Military · Motherhood · veteran

Having a baby while your husband is deployed


I wanted to share a short story about one of my best friends who recently went through a very traumatic life event while her husband is deployed.  Both her and her husband are in the Air Force so she’s used to unpredictable things happening in their lives.  She has been blessed with now 4 beautiful girls and 2 amazing step-children from her husband.

She was ready for her new baby’s (4th) delivery to be very similar if not easier to her first three deliveries. Especially with her husband deployed, she wanted everything to go smoothly. As a mom-to-be with your heart set on a vaginal delivery, and then you receive the news that your baby needs to be delivered by C-section can be a very frightening and disappointing feeling.  But the safety of you and your baby is at stake. Visions of pushing your baby out the way you’ve planned can sometimes be suddenly displaced by worries about the surgery, about being stuck in the hospital longer, and about the tougher recovery (not to mention the scar). Until you have experienced a C-section, you have no idea what to compare the pain to.



The C-section procedure begins with a routine IV and anesthesia — usually an epidural or spinal block, so the lower half of your body will be numb but you’ll remain awake. Then you’ll be prepped by having your abdomen washed with an antiseptic solution. The operating room staff will insert a catheter into your bladder and place sterile drapes over your tummy. Your birthing coach or partner will be outfitted in sterile garb and allowed to sit near your head and hold your hand.

The operating room staff will place a short screen blocking your vision of your abdomen, so the field remains sterile and so you don’t have to watch yourself getting cut. Even if you don’t want to see the cut, you will want to catch a glimpse of your baby as he or she emerges, so ask your practitioner to lift your baby up for a quick peek when he or she is delivered.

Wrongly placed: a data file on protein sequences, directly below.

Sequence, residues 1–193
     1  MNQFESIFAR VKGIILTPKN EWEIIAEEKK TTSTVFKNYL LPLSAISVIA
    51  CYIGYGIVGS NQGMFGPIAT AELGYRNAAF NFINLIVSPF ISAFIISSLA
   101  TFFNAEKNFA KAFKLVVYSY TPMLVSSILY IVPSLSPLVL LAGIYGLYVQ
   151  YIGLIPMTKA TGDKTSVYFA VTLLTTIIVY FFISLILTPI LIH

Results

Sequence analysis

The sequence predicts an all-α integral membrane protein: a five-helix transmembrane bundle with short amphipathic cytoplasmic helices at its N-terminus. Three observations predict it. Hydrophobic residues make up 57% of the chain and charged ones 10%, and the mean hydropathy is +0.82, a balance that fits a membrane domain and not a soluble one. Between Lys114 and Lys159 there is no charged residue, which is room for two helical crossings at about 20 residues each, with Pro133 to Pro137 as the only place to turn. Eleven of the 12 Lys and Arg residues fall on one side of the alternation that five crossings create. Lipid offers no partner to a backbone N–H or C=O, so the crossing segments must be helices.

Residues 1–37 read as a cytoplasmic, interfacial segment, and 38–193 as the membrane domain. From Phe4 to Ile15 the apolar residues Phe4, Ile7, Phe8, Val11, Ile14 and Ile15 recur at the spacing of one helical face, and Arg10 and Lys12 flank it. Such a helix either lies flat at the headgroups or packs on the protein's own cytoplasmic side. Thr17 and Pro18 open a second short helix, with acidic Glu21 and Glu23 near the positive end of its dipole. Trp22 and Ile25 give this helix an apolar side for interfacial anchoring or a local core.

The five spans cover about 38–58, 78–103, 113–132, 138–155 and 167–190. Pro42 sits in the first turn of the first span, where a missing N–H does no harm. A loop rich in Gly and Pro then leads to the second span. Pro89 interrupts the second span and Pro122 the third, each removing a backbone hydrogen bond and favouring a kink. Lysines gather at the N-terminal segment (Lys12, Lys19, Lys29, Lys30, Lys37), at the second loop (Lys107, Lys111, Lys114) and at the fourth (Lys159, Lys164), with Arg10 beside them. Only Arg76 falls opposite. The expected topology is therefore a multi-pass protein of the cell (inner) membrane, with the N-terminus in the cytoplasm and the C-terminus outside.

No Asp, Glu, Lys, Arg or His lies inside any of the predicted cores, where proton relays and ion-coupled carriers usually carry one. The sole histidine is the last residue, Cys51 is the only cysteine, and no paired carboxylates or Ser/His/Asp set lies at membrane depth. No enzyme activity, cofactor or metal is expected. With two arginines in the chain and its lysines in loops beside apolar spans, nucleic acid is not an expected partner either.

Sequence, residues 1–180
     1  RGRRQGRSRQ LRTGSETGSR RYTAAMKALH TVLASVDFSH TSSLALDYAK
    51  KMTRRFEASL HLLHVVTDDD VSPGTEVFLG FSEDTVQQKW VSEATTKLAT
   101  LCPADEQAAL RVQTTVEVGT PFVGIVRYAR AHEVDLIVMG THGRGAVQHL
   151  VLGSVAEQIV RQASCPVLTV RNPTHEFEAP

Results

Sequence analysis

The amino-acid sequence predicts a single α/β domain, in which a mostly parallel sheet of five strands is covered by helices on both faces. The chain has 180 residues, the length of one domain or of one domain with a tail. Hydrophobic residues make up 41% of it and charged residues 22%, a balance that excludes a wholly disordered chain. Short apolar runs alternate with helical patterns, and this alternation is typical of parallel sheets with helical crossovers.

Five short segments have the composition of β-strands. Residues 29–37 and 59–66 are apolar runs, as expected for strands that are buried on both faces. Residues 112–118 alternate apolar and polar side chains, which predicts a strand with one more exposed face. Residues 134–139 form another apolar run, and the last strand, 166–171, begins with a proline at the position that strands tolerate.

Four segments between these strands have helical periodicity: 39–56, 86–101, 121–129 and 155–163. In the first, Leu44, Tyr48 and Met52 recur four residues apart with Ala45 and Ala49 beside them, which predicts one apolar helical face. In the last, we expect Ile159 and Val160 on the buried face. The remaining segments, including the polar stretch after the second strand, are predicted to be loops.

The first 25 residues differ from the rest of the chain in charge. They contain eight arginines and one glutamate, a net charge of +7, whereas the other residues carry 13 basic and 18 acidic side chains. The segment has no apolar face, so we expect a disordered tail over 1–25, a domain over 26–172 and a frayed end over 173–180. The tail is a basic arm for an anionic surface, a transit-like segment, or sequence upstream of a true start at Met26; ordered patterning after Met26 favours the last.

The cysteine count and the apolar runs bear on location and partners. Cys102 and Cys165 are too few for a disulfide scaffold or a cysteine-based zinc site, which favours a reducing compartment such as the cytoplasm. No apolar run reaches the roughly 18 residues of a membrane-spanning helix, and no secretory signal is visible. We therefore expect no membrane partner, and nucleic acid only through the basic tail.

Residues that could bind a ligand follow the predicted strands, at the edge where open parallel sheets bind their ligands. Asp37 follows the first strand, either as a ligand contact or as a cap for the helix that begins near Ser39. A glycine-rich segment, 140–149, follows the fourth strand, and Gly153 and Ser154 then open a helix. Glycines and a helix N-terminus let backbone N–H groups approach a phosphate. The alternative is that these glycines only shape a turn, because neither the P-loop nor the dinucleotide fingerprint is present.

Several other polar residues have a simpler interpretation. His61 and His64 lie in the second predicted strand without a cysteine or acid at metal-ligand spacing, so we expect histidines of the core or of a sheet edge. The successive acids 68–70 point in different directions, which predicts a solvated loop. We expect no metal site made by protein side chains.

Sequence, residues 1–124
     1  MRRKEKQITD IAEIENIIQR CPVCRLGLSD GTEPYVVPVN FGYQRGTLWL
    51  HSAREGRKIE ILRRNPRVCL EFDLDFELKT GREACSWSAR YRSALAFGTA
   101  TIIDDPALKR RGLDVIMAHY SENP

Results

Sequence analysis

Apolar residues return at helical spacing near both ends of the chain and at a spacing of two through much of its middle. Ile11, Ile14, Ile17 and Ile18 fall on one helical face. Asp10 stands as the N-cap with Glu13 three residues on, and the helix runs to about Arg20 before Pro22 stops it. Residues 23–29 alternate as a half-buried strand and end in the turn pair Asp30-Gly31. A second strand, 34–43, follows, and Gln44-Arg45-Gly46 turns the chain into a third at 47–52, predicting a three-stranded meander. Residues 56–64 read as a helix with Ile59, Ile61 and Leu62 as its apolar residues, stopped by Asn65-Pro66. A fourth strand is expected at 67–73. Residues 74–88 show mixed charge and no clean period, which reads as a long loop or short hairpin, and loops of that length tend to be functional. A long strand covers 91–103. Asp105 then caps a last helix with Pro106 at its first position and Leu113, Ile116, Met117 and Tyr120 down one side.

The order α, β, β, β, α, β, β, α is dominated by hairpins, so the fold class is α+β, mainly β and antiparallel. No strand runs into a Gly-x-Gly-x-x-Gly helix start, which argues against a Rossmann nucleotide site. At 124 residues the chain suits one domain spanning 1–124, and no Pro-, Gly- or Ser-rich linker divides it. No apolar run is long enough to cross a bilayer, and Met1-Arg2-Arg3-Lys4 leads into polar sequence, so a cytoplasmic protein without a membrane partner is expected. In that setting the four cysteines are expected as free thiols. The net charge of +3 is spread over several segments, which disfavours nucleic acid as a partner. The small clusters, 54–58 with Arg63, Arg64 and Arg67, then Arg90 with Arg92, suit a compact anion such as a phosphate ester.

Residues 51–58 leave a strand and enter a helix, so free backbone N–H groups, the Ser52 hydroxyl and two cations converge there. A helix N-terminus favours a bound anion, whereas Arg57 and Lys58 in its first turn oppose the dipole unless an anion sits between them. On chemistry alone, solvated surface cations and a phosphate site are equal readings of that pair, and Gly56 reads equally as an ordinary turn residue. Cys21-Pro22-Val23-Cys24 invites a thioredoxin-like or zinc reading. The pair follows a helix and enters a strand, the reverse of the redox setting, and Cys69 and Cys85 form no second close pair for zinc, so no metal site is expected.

Now in my friend’s case, she had no time to prepare for what was to come next. If you’re having an emergency C-section, there might not be time to numb you, in which case (and fortunately this is rarely the case) you’ll be completely conked out with general anesthesia for the duration of the C-section procedure.  Thankfully in her case they were able to administer the spinal block timely.

This is a sweet picture of Daddy getting to see his baby girl for the first time vi aFacebook video chat.



Once you’re either totally numb or fully asleep, the doctor will make a small incision in your lower abdomen— just above your pubic hair line. With some neat suturing, the scar should be fairly unnoticeable. Your doctor will then make another incision in the lower part of your uterus. For both incisions, two options are possible (and the type made on the skin may not be the same as what’s made on the uterus):

  • A low-transverse incision. This cut, across the lower part of the uterus, is used in 95 percent of C-sections, because the muscle at the bottom of the uterus is thinner (which results in less bleeding) and is also less likely to split during subsequent vaginal deliveries.
  • A vertical cut. This incision, down the middle of your uterus, is usually only required if the baby is nestled low in your uterus or in another unusual position.

Next, the amniotic fluid will be suctioned out. Finally, your baby will be brought into the world (you might feel a bit of tugging), no worse for the trip he or she took into it. Because the excess mucus in his respiratory tract wasn’t squeezed out during a journey through the birth canal, some extra suctioning will be necessary to clear those little lungs before you hear that first cry.